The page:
This book broke my heart, glued it together, and then smashed it into the cobblestones of my soul until there was nothing but tiny little heart shaped dust fluttering around. It was that intense.
First, I must admit that I went into this book with a predisposition to hate it. I know, I know, how can I say that? Why even bother if I thought I would hate it?
Let me explain. I went into this book having read many reviews of it. Some were bad, but most were good. The problem was that those good ones only ever compared this book to The Fault in Our Stars, a book which I publicly dislike.
So, me being me, went into reading with my mind set that Violet and Finch were the next Hazel and Augustus, and so, everything they did in the beginning was annoying to me. WHile unfair, it was not unfounded. Much like Hazel and Augustus, Violet and Finch are the type of teenagers that deep down are secretly pretentious philosophising English professors that quote random novels as a form of flirting, and sit around around wondering which is the best Bronte sister, while holding unlit cigarette in their mouths (seriously though that last one is a bit of a rip off from TFIOS).
Anyway, after I got past that little annoyance, and really started to get to know them, I really fell in love with these characters, especially Finch. The wonderful, lovely, Theodore Finch. They, unlike Hazel and Augustus, were intelligent and worldly without being pretentious. They were kind and extraordinary without calling attention to themselves. They were real and relatable and heart breaking. Mostly, unlike TFIOS, this shows a more realistic depiction of the illness it is presenting. As my co-blogger, Rosie, many times says, the world is more than butterflies, rainbows and unicorn farts, and this book shows you that.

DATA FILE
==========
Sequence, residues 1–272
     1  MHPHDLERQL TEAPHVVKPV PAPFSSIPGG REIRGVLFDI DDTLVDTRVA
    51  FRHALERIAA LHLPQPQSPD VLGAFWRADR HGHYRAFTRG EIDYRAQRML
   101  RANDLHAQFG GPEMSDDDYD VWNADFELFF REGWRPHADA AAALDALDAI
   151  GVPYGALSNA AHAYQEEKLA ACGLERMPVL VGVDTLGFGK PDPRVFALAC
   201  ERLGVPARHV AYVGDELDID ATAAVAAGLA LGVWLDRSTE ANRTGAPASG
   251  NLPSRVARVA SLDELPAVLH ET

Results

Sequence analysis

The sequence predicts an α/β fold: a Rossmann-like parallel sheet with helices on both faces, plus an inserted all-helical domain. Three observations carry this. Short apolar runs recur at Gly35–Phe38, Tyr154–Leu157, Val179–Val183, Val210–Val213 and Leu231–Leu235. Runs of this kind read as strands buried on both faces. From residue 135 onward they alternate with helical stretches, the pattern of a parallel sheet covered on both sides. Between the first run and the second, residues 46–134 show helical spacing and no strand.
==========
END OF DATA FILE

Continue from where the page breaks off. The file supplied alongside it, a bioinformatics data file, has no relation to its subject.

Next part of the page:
This is a book about relationships, not just with a boyfriend/girlfriend, but with family and all the people we meet. It is a book about love and acceptance and lost. It is a book about mental illness and how it is stigmatized and judged, and many times goes unnoticed until it is too late.
Violet is a girl whose sister is dead. Finch is a boy obsessed with the idea of dying. The two meet at the ledge of building as they both contemplate what it would be like to jump. From then on a rocky friendship ensues and then something more. From there comes many ups and downs and it is intense, and raw, and real, and beautifully heartbreaking. That is all I can say without spoiling everything.
I recommend this book to anyone and everyone. There is a lot of talk of mental illness, abuse, and suicide, so be warned if this is something you cannot handle. Aside from that, it is a book I think anyone would love. This book gets all the start!